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Afghan Grill; or, a dinner in honour of someone

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Hello, I am planning a dinner in honour of someone else's success at something, and am looking at restaurants in the Dupont/AM/Woodley Park area. I read about the Afghan Grill on the Internet and was wondering if it was still any good.

The number of people who might show up is still undecided, but I'm looking at 15 probably. Is it too small? Can it take that size of reservation?

I'm looking for something affordable that isn't spicy Indian or East Asian cuisine, if anyone has any other good suggestions, and I'd like to see if I can avoid mezza/tapas type places because managing the dietary restrictions and the food sharing can get stressful with that many people. The food should try to be under $25 a place. The wine is not such a big deal, I don't drink and I believe neither does the guest of honour, and the other guests can drink on their own time if they don't like the wine :)

Got a week left, want to get a head start.

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  1. I have no recent experience there. I can tell you that they would be very happy to book your group and they have plenty of room. I once tried to arrange a lunch there, and they offered to do it even though they aren't normally open for lunch.

    1. I'd guess that 15 would be right at the upper limit of what they could take. The food is very good, especially the appetizers.

      1. So, very good food, but not more than 15. Well, we are still under 15, but some people RSVP in the last minute. If we go there, expect a report :)

        1. Here's ye olde report. We were about nine people. We arrived between 7 and 8 on Tuesday. I arrived early, being the organizer. This restaurant is off Conn, left on Calvert if you go south from the Woodley Park Metro station. It's upstairs in a converted row house. Decor, very nice, the 2002 Afghan war rug from Afghanistan was a nice touch for the politico.

          Being Tuesday, I was seated fast and our table was already ready 20 minutes in advance.

          Served toasted flatbread with cilantro chutney to start.

          Appetizers: we ordered the sampler, 2 orders. It came with kadu buranee (sautéed pumpkin with meat sauce). aushak (steamed leek dumplings with mint yogurt sauce and meat sauce), some kind of fried leek turnover, and Afghan meat samosas. We ordered extra fried leek turnovers and kadu buranee---it tastes much better than it looked, and I don't even *like* squash, so it was just that good. Lots of it.

          The theme "meat sauce" comes up often here, and it is basically ground beef in a tomatoish sauce, but with Afghan spices rather than italian. A cardamommy/cinamonny/curry taste.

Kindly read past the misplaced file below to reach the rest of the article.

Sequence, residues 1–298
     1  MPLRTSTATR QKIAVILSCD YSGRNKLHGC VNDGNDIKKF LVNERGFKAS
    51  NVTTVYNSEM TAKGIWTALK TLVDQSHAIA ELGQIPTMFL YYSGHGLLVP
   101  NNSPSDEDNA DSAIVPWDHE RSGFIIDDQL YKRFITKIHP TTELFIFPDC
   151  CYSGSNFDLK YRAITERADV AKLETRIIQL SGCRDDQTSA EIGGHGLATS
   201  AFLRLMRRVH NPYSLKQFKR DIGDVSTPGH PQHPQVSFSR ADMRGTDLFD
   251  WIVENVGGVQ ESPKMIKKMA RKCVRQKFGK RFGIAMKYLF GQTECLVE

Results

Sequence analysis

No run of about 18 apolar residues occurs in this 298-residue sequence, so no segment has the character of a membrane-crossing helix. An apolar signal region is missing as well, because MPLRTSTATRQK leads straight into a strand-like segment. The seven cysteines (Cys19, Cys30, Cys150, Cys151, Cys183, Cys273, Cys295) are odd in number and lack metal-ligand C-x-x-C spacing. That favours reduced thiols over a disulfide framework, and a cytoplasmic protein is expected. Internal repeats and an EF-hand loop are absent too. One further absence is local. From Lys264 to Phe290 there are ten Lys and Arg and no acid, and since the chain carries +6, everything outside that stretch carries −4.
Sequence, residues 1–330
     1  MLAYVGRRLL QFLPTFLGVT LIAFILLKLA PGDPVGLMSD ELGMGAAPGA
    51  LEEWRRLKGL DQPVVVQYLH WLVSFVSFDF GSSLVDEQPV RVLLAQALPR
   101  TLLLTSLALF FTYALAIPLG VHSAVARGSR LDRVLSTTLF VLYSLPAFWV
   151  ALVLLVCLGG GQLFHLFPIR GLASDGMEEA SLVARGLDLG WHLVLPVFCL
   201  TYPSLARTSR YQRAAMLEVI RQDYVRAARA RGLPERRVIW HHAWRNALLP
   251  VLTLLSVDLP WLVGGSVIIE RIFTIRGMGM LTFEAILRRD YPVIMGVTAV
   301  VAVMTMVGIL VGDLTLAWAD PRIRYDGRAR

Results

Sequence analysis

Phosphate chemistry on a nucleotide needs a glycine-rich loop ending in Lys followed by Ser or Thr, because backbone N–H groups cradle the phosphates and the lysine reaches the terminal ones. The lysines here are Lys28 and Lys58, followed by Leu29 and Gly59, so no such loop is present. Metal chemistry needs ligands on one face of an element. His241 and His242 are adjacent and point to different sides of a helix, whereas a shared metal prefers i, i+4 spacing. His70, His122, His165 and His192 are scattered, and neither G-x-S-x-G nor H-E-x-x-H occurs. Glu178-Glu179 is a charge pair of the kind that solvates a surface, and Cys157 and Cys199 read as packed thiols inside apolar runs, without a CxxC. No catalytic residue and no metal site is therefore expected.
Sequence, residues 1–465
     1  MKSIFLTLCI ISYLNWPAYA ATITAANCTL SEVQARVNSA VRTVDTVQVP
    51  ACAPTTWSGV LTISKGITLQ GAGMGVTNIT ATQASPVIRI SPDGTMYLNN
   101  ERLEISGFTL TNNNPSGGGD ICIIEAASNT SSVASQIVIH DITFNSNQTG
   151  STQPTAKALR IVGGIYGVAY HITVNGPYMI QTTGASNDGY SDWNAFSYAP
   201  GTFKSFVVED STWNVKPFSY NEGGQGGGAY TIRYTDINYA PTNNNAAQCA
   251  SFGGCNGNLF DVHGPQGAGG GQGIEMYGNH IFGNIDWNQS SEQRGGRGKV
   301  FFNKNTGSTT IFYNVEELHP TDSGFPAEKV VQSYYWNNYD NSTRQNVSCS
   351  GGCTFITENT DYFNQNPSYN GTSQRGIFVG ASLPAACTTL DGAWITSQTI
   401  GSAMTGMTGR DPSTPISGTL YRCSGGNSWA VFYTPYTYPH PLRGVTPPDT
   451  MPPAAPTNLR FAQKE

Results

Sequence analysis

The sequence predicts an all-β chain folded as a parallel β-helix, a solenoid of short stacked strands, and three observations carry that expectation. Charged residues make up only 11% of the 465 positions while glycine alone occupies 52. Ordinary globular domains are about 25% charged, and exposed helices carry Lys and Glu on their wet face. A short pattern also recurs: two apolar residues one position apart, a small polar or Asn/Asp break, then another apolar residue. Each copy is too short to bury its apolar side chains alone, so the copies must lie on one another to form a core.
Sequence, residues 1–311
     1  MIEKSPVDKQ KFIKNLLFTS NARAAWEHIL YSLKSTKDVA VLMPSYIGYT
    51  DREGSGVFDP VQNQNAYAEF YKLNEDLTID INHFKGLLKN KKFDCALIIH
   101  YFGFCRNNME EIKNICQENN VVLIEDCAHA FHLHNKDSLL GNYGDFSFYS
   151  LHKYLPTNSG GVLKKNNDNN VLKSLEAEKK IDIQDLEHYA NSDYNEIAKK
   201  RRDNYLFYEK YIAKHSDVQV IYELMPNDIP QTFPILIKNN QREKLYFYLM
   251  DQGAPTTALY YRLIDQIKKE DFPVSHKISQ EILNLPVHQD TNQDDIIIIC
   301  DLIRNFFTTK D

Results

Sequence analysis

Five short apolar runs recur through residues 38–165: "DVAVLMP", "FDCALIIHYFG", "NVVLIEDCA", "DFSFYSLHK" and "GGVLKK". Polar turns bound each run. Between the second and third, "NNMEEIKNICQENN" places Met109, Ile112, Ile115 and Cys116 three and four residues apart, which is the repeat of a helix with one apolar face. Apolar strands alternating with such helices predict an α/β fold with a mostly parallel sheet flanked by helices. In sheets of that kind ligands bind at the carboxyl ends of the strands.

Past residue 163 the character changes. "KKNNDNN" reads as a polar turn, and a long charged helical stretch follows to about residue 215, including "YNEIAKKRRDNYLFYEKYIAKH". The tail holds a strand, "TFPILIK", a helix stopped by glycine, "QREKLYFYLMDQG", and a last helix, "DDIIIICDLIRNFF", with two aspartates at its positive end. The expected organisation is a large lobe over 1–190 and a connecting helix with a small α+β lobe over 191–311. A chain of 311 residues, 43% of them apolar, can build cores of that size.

I ordered, for a main course, the aushak entrée, which is just the same as appetizer aushak, only more of it. It is quite tasty, and they serve a lot of it. Other people ordered mantoo, a beef steamed dumpling similar to aushak, served with mint yogurt sauce and some kind of vegetable sauce spread randomly over it. They have Afghan grill-type food.

          I cannot eat this kind of food without it being hot. I have Pakistani tastes, with South Indian chili-tolerance. There are a lot of similarities between Pakistani food and Afghan food, except for the leek and the steamed dumplings (Pakistanis eat dumplings only deep-fried in oil), which is why I ordered the aushak. But I eventually had to cave in to my cravings and beg for Tabasco. The food is excellent if you do not feel like your mouth has to burn before you are not hungry.

          They have ample kabab on the menu, including a shrimp kabab. (Wait! That's not Afghan! Where do you get shrimp in Afghanistan?)

          Dessert. We shared, germs and all, the firnee (a delicious milk-pistachio pudding), bastani (rosewater ice cream), and baklava. The baklava can be skipped, they are not good at it and it was soggy. Stick to the firnee and the bastani.

          Apparently their coffee is very strong. I didn't have any.

          Total average price, minus a couple of glasses of wine drunk by the only two drinkers in the party, $25 or so. Not bad.

          Service. Well, it wasn't busy enough to harry the waiters, and so we were waited on by three very nice college-age men, all Dari-speaking Afghans, actually. Very friendly and helpful, offered to bring us more food if we could finish what was on our plates. (We declined.) We tipped high.

          Caveat emptor. I do not want to blow this out of proportion, but we saw a roach. The kitchen door is open most of the time and it looks quite clean. It appears to be the building. They do not have their own bathroom, so you have to go upstairs and use the row house's bathroom, which had more of the problem. I was not bothered by it, you may be. It was a ridiculously humid day in DC, these things can happen at times. No other review on the internet mentions any long-term problem.

          In a nutshell, recommended, very good, Indian/Mediterranean cross that is not for chili-heads and a way of introducing timid people to this kind of thing without it being too spicy.

          1. Not much listed about Afghan Grill on Chowhound (after all these years!), so I will add my brief experience this week. Came in late and ordered a couple of appetizers.

            The cilantro sauce they start you off with is good and addictive. Nice warm bread.

            The kadu buranee is quite delicious, and the topping of meat sauce and yogurt was crucial to counter the sweetness od the pumpkin. Good stuff.

            The bulanee (leek turnovers) were deep fried, very crunchy, and too salty. The inside got overcooked and was a paste.

            The cardamom tea tasted more of tap water than cardamom.

            So two hits and two misses, which is about right for this place.